So, while the capital expense of the physical plant is high, equipment is not. Just buy a few dozen GE ES44C4s, EMD SD70ACes and Series 66s, Alstom Prima IIs, Vossloh Euro 4000s, Voith Maximas, and related-type locomotives, a bunch of double-stack, open and closed hopper cars, gondolas, and boxcars, and there you go. Since it's generally assumed in these matters that the line will serve lineside industry and local mines (as is the case with pretty much any freight operation anywhere), and as there are important mined-and quarried-goods markets that can be tapped (Chinese coal to the West...Kazakh coal in both directions...European coal to the East...as well as other mined and quarried goods), a transcontinental cargo line could, in theory, be generally profitable. The primary difficulty, especially if Western finance is targeted, is the source of initial capital; a secondary difficulty, the procurement of rights-of-way (generally done via easements in the United States--however, the law elsewhere is likely different). Given the lack of any decent road infrastructure through much of this territory, a passenger-train division would have to be in place; however, it would more likely be managed in a more "Intercity" style than as a high-speed line; east of Astrakhan, a "high-speed" market does not generally seem viable.

Just my thoughts.
___________
*Association of American Railroads. These standards dictate coupling, loading gauge, etc., on American railroads and guarantee transshipment throughout the NAFTA area (i.e. the U.S., Canada, and Mexico).
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Old December 29th, 2010, 04:06 AM   #268
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Pretty good analysis, except that once that larger loading gauge equipment used in China (assuming North American loading gauge standards) reaches European standard-gauge trackage, it will not fit under the European electrical catenary and highway overpasses and through the European tunnels and through-truss bridges. European railroad operating companies even have to use specially low-designed flatcars to carry single-stacked containers. Also, yard tracks and passing sidings in Europe are scaled for use by 'buffer and chain' equipment, meaning that they will also have to be significantly lengthened, not to mention having to heavily up-scale the electrical power supply systems to handle the significantly heavier trains. With the far stronger 'AAR' couplings, it is now 'SOP' for freight trains to reach and exceed 3 km in length in both China and North America.



There will have to be some REALLY SERIOUS upgrades to the European standard-gauge lines that such Eurasian transcontinental trains and equipment will use.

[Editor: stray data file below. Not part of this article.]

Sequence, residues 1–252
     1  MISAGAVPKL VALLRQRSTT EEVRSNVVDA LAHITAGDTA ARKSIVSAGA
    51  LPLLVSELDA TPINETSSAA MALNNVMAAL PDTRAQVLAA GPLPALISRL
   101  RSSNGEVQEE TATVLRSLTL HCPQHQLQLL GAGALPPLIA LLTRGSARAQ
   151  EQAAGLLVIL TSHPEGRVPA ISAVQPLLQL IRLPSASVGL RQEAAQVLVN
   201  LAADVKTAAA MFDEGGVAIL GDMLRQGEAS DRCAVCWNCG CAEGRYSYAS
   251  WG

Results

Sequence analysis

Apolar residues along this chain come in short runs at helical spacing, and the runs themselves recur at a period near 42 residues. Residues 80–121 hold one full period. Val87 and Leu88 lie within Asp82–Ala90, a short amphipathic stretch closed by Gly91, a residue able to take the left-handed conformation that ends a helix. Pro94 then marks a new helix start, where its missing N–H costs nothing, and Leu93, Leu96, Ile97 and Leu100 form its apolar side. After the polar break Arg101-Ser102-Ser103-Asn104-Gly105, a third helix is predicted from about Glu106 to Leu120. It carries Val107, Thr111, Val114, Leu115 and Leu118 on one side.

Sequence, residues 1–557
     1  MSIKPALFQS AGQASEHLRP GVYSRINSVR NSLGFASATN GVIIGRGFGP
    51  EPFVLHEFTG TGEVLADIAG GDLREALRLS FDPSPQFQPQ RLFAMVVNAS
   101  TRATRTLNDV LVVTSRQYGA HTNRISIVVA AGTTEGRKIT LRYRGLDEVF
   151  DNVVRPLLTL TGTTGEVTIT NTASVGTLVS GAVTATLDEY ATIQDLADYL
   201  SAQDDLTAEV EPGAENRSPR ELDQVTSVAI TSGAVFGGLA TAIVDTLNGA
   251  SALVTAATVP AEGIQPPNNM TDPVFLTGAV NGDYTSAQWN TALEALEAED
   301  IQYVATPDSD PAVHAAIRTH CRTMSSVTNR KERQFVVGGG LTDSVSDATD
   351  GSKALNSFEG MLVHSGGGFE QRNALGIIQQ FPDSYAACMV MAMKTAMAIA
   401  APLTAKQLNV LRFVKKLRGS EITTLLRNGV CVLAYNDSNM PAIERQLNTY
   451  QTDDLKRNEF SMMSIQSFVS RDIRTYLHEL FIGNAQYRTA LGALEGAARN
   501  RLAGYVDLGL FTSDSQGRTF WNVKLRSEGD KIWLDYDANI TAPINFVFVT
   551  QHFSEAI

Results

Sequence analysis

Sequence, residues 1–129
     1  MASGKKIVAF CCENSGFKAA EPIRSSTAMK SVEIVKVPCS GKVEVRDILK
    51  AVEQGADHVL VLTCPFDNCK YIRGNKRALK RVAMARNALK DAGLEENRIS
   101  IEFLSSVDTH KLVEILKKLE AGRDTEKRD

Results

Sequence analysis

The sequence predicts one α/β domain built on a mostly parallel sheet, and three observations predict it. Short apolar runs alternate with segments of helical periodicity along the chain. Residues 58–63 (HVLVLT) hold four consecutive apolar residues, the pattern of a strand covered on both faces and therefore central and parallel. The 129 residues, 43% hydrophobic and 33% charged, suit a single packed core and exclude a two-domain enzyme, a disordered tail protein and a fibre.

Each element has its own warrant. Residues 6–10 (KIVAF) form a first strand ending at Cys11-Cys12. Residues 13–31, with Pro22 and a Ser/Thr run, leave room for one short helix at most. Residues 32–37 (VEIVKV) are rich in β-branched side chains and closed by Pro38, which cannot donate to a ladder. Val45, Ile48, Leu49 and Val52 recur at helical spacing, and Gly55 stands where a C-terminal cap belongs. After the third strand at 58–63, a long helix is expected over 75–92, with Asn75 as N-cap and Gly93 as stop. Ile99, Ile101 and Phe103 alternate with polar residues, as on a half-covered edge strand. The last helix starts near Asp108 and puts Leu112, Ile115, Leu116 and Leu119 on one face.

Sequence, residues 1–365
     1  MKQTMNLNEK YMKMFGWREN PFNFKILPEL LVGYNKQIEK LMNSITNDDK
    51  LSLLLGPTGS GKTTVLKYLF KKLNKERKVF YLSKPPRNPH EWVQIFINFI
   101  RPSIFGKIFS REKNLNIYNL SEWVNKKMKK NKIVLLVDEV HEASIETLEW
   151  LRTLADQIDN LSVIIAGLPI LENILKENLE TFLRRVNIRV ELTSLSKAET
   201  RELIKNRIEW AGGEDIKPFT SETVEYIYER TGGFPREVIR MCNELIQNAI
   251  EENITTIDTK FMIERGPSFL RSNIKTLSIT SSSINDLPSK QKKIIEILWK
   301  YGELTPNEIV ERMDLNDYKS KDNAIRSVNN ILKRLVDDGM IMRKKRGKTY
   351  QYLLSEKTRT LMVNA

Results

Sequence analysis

Mike
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Old December 29th, 2010, 04:20 AM   #269
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True, but in many cases, these things will happen in Europe anyway. One of the major side effects of Europe's "Schengen-ization" and the TENs is that, where there was previously little market for long-distance rail freight, there will be. Already equipment like the Vossloh Euros is being built to take on heavier loads than previous European freight equipment ever needed to. In the long run, this means the inevitable introduction of a stronger coupling system, at least in the context of freight transportation. A transcontinental would probably need to tie into a major European port (Odessa?) in order to offload double-stacks, for the time being...and of course, properly-equipped European equipment, as long as they can be coupled into the train, can head anywhere on the system. The troubles are more with how to manage the Chinese equipment on the other end.
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Old December 29th, 2010, 06:49 AM   #270
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I suppose that part of the transloading of double-stacked containers could be to keep the North American-style 'well' cars in the train, but with single-stacked containers. Single-stacked, they'll easily fit through the tightest European tunnel (assuming that the base well-cars' widths are narrow enough).

Also, nothing says that trains have to be run at their maximum rated lengths and weights even with the stronger 'AAR' couplers. Just run them at whatever the maximum ratings are for whatever particular line they are on, splitting them into multiple sections as necessary as they proceed westward and combine them as allowed as they travel east.

Mike
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Old December 29th, 2010, 10:49 AM   #271
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I think its a mistake to describe Europe as having a certain loading guage, it doesn't. The well cars are required in some places to carry a single deep sea container, but even in the UK this is not necessary everywhere and two of the main freight routes can accept full-size containers on flat-bed trailers. The majority of Europe has a much larger loading guage than all of the UK, does anybody have any examples of any major freight routes in Europe that restrict the movement of containerised freight?
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Old December 29th, 2010, 07:32 PM   #272
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Quote:
Originally Posted by MarcVD View Post
The key is "without break of gauge"... If the Karakorum railway is ever built,
there are good chances that it will be built to chinese standards, i.e. with
standard gauge. From the other side, i.e. from Europe, standard gauge
now arrives in Zahedan, in the extreme east of Iran. Any other route